News / Africa

Fallout of Gambia's Media Repression Far-Reaching

A group of 50 people hold a banner reading "Shed light on the death of Deyda Hydara. Stop assassinations and violence against journalists and the press," during a protest in front of Gambia's high commission, 22 December 2004 in Dakar.A group of 50 people hold a banner reading "Shed light on the death of Deyda Hydara. Stop assassinations and violence against journalists and the press," during a protest in front of Gambia's high commission, 22 December 2004 in Dakar.
x
A group of 50 people hold a banner reading "Shed light on the death of Deyda Hydara. Stop assassinations and violence against journalists and the press," during a protest in front of Gambia's high commission, 22 December 2004 in Dakar.
A group of 50 people hold a banner reading "Shed light on the death of Deyda Hydara. Stop assassinations and violence against journalists and the press," during a protest in front of Gambia's high commission, 22 December 2004 in Dakar.
Nancy Palus
DAKAR — A journalists' group says the small West African country of Gambia ranks 13th worst in the world for the number of journalists who have fled into exile.  Journalists and press freedom experts say this flight of professionals who would keep a critical eye on government puts all citizens in danger.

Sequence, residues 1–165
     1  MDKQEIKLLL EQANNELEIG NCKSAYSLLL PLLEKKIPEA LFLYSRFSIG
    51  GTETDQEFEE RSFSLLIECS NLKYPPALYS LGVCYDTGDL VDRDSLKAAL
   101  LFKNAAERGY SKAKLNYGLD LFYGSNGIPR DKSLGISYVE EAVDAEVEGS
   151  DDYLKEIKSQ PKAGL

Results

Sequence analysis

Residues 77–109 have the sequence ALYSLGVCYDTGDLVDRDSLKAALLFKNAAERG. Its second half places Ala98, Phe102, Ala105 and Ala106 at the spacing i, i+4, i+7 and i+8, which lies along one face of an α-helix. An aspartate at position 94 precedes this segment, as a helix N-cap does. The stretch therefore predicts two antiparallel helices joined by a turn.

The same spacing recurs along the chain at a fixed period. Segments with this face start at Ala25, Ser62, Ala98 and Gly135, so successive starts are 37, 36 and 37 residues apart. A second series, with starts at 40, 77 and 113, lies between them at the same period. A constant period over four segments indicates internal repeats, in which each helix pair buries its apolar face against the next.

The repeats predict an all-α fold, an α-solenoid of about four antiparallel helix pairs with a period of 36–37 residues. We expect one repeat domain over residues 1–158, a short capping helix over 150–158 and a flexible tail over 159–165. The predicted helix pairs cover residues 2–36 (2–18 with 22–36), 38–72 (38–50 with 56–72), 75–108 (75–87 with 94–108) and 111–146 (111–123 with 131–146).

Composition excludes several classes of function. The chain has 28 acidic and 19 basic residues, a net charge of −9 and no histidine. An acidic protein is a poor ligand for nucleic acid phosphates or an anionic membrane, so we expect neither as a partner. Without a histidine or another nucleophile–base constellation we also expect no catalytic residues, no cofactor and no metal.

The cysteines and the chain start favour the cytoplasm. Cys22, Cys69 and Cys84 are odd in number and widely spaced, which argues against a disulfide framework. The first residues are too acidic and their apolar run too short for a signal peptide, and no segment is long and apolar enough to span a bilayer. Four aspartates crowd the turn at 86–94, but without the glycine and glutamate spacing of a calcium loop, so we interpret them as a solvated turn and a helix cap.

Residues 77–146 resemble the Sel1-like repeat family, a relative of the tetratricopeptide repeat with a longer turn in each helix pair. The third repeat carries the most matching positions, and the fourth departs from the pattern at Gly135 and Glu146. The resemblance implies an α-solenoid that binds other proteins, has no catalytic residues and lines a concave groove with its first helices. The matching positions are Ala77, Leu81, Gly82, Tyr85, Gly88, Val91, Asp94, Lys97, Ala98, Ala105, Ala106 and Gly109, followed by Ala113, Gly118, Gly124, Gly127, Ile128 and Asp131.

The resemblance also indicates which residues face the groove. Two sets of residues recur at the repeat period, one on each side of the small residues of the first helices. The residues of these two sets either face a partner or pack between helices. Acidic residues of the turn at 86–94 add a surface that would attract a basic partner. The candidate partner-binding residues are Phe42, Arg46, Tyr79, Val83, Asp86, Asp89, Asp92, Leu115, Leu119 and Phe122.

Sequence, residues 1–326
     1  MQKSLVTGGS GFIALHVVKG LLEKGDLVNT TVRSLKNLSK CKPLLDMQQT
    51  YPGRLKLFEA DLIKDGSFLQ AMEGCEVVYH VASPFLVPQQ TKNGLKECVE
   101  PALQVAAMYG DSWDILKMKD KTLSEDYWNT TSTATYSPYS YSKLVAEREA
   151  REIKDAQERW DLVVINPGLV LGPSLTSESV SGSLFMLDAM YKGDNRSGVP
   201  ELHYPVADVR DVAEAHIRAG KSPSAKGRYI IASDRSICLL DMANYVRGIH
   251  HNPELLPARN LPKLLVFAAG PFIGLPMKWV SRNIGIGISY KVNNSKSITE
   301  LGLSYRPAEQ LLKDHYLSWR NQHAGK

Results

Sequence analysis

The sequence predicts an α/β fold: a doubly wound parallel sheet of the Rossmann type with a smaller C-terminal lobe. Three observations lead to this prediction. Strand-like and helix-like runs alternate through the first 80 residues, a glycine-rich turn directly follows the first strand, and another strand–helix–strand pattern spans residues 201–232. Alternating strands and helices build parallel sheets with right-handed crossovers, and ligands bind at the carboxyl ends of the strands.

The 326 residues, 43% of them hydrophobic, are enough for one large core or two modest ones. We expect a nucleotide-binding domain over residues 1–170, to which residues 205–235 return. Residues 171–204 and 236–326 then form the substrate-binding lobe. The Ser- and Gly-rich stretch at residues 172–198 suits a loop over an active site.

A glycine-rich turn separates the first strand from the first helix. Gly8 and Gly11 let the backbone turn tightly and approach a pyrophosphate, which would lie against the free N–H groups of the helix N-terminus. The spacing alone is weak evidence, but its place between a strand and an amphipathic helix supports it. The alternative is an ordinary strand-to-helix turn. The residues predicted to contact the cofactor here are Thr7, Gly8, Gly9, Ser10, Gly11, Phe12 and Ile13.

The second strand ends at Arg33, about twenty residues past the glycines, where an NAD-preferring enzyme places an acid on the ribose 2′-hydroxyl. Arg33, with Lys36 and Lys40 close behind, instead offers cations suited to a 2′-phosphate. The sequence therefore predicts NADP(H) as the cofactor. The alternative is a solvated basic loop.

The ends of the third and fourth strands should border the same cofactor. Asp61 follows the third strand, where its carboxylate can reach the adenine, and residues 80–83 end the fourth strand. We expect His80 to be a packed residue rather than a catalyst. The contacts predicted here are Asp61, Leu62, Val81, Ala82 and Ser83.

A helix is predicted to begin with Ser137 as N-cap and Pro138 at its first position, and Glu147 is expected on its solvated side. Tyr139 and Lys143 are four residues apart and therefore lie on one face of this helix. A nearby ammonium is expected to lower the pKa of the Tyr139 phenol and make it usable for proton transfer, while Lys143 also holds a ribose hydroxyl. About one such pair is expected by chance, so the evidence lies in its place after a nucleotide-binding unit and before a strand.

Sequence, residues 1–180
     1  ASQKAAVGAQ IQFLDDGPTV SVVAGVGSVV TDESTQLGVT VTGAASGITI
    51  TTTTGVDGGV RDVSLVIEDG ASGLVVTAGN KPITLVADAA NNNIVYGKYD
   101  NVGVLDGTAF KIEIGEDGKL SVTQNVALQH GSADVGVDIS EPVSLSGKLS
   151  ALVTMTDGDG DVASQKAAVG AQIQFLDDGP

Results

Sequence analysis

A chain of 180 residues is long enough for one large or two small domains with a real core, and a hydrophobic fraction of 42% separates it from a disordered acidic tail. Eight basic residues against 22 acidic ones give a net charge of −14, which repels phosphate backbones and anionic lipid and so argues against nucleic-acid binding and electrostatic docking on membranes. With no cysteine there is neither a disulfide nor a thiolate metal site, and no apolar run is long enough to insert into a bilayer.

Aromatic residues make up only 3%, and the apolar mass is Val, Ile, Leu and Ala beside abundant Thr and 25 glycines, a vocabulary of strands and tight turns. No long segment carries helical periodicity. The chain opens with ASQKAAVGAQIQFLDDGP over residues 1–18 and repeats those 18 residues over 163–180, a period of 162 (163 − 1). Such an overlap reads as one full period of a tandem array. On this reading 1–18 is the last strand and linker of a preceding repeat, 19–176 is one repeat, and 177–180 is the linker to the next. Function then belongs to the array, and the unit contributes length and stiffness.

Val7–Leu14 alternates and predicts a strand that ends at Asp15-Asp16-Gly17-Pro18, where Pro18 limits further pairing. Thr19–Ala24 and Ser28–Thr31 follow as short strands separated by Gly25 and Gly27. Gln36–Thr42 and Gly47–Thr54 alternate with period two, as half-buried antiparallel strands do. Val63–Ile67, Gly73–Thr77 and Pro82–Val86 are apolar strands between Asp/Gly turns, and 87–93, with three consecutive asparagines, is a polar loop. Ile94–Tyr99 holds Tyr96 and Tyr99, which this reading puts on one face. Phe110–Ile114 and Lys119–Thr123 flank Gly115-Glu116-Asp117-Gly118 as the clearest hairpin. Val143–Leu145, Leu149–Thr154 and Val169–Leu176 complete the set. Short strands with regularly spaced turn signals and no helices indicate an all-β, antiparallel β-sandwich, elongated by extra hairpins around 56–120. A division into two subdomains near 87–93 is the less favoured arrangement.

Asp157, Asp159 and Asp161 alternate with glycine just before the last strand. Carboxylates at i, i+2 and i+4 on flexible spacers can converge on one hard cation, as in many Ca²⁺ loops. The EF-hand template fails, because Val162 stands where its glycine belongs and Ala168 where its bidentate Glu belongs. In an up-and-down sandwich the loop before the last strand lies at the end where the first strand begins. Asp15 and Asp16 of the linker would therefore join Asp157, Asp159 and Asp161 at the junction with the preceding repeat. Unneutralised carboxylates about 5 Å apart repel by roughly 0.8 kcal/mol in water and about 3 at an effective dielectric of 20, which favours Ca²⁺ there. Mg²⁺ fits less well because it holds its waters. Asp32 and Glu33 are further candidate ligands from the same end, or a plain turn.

It is six years this week since the disappearance of Gambian journalist Chief Ebrima Manneh.  Then, as now, it was common for journalists in the West African country of some 1.7 million people to be harassed, arrested, or worse.  Just in the past two weeks at least two journalists in Gambia were arrested over their coverage of court proceedings.
 
When practicing journalism becomes life-threatening, many are forced to flee - like Dakar-based Ebrima Sillah, who was working as a journalist in Gambia when he narrowly escaped an arson attack on his home in 2004.  Another journalist, Buya Jammeh, went into hiding in June 2009, when he heard the authorities were searching for him during a sweep of media arrests.  He eventually fled to Senegal and now lives in Dakar.